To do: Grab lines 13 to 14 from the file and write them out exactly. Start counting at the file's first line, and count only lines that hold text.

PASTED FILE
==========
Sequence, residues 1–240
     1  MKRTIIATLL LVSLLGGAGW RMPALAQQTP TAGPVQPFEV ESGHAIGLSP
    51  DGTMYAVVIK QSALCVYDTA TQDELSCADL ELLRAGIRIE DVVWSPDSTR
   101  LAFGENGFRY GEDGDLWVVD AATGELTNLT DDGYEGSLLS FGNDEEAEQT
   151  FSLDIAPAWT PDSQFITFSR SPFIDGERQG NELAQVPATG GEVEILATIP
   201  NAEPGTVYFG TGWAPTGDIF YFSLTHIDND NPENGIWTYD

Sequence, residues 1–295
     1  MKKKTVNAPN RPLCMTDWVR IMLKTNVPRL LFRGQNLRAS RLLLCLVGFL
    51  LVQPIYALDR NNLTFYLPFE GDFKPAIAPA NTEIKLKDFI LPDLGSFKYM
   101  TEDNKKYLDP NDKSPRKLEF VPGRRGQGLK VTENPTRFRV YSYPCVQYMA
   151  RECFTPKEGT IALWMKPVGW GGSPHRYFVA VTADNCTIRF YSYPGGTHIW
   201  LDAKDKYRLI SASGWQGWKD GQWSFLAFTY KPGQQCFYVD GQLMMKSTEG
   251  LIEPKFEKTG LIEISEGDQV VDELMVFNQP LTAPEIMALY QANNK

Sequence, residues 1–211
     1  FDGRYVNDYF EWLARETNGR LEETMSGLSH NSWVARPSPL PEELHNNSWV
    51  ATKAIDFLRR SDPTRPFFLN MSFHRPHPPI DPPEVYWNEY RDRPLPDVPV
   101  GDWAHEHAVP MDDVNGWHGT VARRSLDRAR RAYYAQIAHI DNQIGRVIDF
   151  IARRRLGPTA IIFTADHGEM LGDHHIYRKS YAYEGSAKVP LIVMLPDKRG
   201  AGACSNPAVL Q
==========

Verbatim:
   251  LIEPKFEKTG LIEISEGDQV VDELMVFNQP LTAPEIMALY QANNK

Sequence, residues 1–211